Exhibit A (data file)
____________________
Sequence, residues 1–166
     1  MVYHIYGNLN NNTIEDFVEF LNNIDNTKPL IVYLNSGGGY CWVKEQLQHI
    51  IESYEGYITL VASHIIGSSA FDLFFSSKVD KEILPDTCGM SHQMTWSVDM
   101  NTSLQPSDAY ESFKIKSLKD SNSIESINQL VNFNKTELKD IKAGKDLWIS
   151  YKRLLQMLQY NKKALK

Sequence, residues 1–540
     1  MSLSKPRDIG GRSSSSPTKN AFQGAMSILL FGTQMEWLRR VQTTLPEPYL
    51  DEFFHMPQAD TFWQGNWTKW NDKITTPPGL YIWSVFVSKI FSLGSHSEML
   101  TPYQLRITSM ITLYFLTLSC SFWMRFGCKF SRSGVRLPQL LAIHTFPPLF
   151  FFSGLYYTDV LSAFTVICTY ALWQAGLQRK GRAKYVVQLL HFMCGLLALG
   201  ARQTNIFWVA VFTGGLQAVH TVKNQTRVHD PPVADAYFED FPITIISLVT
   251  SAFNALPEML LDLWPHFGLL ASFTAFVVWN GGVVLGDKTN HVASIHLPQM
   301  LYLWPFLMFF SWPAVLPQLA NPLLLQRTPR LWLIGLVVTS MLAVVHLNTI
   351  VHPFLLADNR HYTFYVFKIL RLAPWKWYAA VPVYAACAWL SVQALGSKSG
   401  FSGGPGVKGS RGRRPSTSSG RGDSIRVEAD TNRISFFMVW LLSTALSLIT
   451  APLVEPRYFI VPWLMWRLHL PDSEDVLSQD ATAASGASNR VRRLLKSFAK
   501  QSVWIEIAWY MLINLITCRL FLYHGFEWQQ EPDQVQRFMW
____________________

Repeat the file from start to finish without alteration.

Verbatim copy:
Sequence, residues 1–166
     1  MVYHIYGNLN NNTIEDFVEF LNNIDNTKPL IVYLNSGGGY CWVKEQLQHI
    51  IESYEGYITL VASHIIGSSA FDLFFSSKVD KEILPDTCGM SHQMTWSVDM
   101  NTSLQPSDAY ESFKIKSLKD SNSIESINQL VNFNKTELKD IKAGKDLWIS
   151  YKRLLQMLQY NKKALK

Sequence, residues 1–540
     1  MSLSKPRDIG GRSSSSPTKN AFQGAMSILL FGTQMEWLRR VQTTLPEPYL
    51  DEFFHMPQAD TFWQGNWTKW NDKITTPPGL YIWSVFVSKI FSLGSHSEML
   101  TPYQLRITSM ITLYFLTLSC SFWMRFGCKF SRSGVRLPQL LAIHTFPPLF
   151  FFSGLYYTDV LSAFTVICTY ALWQAGLQRK GRAKYVVQLL HFMCGLLALG
   201  ARQTNIFWVA VFTGGLQAVH TVKNQTRVHD PPVADAYFED FPITIISLVT
   251  SAFNALPEML LDLWPHFGLL ASFTAFVVWN GGVVLGDKTN HVASIHLPQM
   301  LYLWPFLMFF SWPAVLPQLA NPLLLQRTPR LWLIGLVVTS MLAVVHLNTI
   351  VHPFLLADNR HYTFYVFKIL RLAPWKWYAA VPVYAACAWL SVQALGSKSG
   401  FSGGPGVKGS RGRRPSTSSG RGDSIRVEAD TNRISFFMVW LLSTALSLIT
   451  APLVEPRYFI VPWLMWRLHL PDSEDVLSQD ATAASGASNR VRRLLKSFAK
   501  QSVWIEIAWY MLINLITCRL FLYHGFEWQQ EPDQVQRFMW